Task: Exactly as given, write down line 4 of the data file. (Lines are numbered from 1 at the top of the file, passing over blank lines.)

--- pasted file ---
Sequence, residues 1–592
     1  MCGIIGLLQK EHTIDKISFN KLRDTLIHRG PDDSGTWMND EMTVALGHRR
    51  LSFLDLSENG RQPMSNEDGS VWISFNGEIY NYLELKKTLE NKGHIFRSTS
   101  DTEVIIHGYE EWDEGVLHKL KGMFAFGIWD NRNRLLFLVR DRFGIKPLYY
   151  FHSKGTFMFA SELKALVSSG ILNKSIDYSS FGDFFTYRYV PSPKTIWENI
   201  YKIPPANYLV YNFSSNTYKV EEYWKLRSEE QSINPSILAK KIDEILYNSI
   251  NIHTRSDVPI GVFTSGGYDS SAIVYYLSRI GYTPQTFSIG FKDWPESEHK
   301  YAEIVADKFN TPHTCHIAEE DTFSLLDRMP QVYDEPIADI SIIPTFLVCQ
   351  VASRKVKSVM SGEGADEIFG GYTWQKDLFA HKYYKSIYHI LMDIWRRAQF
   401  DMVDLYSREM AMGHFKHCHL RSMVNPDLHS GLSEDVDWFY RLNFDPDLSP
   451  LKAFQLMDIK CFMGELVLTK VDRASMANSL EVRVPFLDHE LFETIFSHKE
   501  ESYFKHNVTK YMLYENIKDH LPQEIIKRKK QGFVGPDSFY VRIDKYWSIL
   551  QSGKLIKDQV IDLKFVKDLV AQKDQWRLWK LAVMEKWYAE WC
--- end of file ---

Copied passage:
   101  DTEVIIHGYE EWDEGVLHKL KGMFAFGIWD NRNRLLFLVR DRFGIKPLYY